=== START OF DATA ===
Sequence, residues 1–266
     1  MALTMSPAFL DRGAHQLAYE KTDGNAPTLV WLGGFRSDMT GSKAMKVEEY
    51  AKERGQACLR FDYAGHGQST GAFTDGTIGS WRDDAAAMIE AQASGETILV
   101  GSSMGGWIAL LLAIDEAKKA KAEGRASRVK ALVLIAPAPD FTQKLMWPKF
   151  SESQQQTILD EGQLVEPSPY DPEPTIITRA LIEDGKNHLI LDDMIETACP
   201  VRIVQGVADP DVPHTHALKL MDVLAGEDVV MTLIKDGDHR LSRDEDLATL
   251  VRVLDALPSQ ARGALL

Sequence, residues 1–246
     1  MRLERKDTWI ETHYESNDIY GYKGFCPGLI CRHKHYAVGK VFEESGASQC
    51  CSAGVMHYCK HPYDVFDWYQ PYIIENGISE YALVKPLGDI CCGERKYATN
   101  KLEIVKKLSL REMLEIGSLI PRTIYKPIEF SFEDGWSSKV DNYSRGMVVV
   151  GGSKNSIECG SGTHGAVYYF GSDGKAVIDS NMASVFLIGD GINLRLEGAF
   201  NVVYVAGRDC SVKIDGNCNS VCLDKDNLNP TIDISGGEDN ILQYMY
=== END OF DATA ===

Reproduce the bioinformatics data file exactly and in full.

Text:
Sequence, residues 1–266
     1  MALTMSPAFL DRGAHQLAYE KTDGNAPTLV WLGGFRSDMT GSKAMKVEEY
    51  AKERGQACLR FDYAGHGQST GAFTDGTIGS WRDDAAAMIE AQASGETILV
   101  GSSMGGWIAL LLAIDEAKKA KAEGRASRVK ALVLIAPAPD FTQKLMWPKF
   151  SESQQQTILD EGQLVEPSPY DPEPTIITRA LIEDGKNHLI LDDMIETACP
   201  VRIVQGVADP DVPHTHALKL MDVLAGEDVV MTLIKDGDHR LSRDEDLATL
   251  VRVLDALPSQ ARGALL

Sequence, residues 1–246
     1  MRLERKDTWI ETHYESNDIY GYKGFCPGLI CRHKHYAVGK VFEESGASQC
    51  CSAGVMHYCK HPYDVFDWYQ PYIIENGISE YALVKPLGDI CCGERKYATN
   101  KLEIVKKLSL REMLEIGSLI PRTIYKPIEF SFEDGWSSKV DNYSRGMVVV
   151  GGSKNSIECG SGTHGAVYYF GSDGKAVIDS NMASVFLIGD GINLRLEGAF
   201  NVVYVAGRDC SVKIDGNCNS VCLDKDNLNP TIDISGGEDN ILQYMY